Friday, January 15, 2010

Haiti, With Tears

The emerging horror in Haiti has caused countless Americans to reach for their wallets and purses. I made my donation to the earthquake relief fund set up by Yele Haiti, the foundation established by the Haitian-American musician Wyclef Jean. Small foundations sometimes grapple with the problem of seemingly excessive overhead -- it's a matter of scale -- so if that concerns you, MSNBC.com has provided a list of charitable organizations active in Haiti.

The avoidable part of the butcher's bill is coming due as I write. The real story of Hurricane Katrina was the failure of the levees. Now, Haiti's abject poverty and the destruction of what little infrastructure that it had will become frightful players in the tragedy. Port-au-Prince has little water, no hospitals, no fire stations, and no electricity. The rest of the country will be unable to handle the demands put on what little infrastructure it has. Haiti has no significant internal means of disaster response. So, despite what Rush Limbaugh has to say (which is that Americans support Haiti through their taxes), that poor country is going to need help and lots of it...

As probably everyone knows by now, Pat Robertson claims that the earthquake is divine retribution for a pact that Haitians made with the devil during their long struggle for freedom (1791-1804). What Robertson didn't mention is that the French colonial slavemasters were among the most hardened of that despicable breed, infamously dispensing gruesome tortures for the most trivial offenses while working their slaves to death on sugar plantations. If any Haitians made a pact with the devil, it's because they had good reason to think that God had deserted them...

Haitian art, Haitian music, Haitian culture, Haitian religion, Haitan people...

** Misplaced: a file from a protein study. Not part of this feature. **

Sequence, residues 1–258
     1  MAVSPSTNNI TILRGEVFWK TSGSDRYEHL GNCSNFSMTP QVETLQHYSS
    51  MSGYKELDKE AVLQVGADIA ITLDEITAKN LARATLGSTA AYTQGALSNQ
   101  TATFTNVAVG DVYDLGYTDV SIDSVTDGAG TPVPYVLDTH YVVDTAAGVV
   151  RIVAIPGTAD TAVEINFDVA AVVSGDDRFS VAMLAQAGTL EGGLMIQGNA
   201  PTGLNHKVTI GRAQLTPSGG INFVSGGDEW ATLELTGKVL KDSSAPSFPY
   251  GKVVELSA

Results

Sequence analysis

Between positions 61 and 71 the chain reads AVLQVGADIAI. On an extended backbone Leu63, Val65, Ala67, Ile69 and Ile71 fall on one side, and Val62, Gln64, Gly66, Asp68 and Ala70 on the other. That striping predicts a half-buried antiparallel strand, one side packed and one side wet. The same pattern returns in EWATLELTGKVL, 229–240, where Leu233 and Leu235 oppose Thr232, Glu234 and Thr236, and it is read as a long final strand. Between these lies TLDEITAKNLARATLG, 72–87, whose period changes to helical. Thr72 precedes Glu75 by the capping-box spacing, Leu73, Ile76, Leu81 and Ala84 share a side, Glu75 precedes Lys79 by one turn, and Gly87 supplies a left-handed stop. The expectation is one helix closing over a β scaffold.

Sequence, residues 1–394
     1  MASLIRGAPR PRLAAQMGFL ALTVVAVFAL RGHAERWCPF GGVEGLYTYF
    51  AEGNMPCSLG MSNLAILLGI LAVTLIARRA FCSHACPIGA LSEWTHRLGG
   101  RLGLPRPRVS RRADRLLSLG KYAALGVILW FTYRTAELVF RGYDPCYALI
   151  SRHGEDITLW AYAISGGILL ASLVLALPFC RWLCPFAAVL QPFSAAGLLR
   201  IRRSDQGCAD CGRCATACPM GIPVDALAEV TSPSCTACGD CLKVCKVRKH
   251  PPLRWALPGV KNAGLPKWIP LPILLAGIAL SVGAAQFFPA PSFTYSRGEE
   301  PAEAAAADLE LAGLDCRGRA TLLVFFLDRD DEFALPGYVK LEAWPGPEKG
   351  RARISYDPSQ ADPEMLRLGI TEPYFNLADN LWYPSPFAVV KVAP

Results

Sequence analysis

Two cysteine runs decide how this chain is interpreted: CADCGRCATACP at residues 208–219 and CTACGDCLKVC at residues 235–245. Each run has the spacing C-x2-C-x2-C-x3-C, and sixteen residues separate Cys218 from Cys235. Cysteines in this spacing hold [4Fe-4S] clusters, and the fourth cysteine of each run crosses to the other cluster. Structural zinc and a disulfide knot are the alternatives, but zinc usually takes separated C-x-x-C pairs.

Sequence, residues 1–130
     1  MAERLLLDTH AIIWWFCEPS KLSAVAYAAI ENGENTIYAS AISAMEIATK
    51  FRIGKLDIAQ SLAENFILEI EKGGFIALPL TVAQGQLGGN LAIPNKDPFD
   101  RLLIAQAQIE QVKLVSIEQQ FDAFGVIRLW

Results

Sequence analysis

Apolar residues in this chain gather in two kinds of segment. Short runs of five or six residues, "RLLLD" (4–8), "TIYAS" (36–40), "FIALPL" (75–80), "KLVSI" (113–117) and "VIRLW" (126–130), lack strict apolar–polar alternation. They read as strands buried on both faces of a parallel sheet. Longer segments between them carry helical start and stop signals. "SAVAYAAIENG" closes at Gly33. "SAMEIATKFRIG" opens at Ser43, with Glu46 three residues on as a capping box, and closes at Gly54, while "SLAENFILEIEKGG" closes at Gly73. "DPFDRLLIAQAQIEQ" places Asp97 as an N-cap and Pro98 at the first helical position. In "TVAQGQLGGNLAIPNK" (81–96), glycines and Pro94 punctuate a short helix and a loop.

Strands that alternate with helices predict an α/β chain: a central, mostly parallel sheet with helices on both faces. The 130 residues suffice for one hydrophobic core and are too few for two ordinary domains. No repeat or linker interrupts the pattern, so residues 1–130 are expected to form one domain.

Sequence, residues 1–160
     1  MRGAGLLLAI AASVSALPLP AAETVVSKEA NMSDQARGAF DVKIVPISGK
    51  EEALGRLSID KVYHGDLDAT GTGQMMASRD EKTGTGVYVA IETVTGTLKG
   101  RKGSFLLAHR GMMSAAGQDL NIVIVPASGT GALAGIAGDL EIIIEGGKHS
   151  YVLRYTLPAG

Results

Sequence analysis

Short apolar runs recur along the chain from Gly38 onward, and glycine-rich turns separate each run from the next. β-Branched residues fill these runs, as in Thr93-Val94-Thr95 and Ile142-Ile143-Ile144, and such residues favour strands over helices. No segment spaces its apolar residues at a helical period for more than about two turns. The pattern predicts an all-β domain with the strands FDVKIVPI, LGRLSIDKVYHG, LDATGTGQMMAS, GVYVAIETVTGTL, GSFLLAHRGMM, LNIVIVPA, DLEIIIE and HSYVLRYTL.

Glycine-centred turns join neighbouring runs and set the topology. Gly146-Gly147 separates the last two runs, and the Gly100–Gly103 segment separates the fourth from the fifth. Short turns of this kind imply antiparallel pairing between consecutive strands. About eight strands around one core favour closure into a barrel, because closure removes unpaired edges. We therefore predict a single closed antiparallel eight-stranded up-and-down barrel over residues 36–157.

Spike Lee has begun production on a sequel to When the Levees Broke, his superb documentary about the personal impact of the levee-failure flooding induced by Hurricane Katrina. The new film will expand the scope to the entire Gulf Coast and revisit many of the people who appeared in the original film. Also, PBS has a number of Katrina-related projects in the works and director Jonathan Demme (The Silence of the Lambs, Philadelphia, Rachel Getting Married) is in preproduction of animated version of Dave Eggers' book Zeitoun. More here...

I've got 200 more miles of rain and asphalt and light before I sleep...

R. I. P., Bobby Charles...

The great Fats Domino sings Charles' immortal "I'm Walking to New Orleans":

6 comments:

willow said...

Pat Robertson is CCFCCP.

Annette said...

Robertson and his ilk are despicable and Limpballs just fits right in with the rest of them. May they all rot in hell.

My heart and soul aches for the people of Haiti. There is so much needed and so little I feel I can do... but money is the one thing we can do. With it, things they need can be provided. Thankfully, we now have a President who knows how to react in a major disaster.

K. said...

The scary thing about Robertson is that he actually believes what he says. Limpballs (I like that one!) is a cynical huckster who will say anything to call attention to himself.

Roy said...

I saw that about Bobby Charles yesterday on the website for The Swell Season, Glen Hansard's and Markéta Irglová's band, on their home page. I didn't realize he'd written "I Don't Know Why I Love You (But I Do)"; I was sure ol' "Frogman" wrote it. Live and learn! But Bobby will be missed.

Man, it's been a sad week for us old rock'n'rollers! Teddy Pendergrass and Bobby Charles, just days apart. Is it time to drive the Chevy to the levee and tip a bottle of rye with the good ol' boys?

As for Pat "Gomer" Robertson and Limpballs (love that one!), I've already ranted all over the Internet on those two and their cohorts and defenders. My objection to their very existence is on the record!

Wow! That's the longest word verification I've seen yet: redobjec.

Roy said...

K, it looks like there may be problems with donating to Yele Haiti.

K. said...

So it seems. No one else has picked this up -- at least that I could find -- nor does the Yele website address it. There's a raging if unhelpful debate on Yele, but it's mostly noise that comes down to whether or not you like Wyclef. Along with the Red Cross, he's getting a lot of positive press for the innovation of texting to donate. It does seem that Yele needs to address this.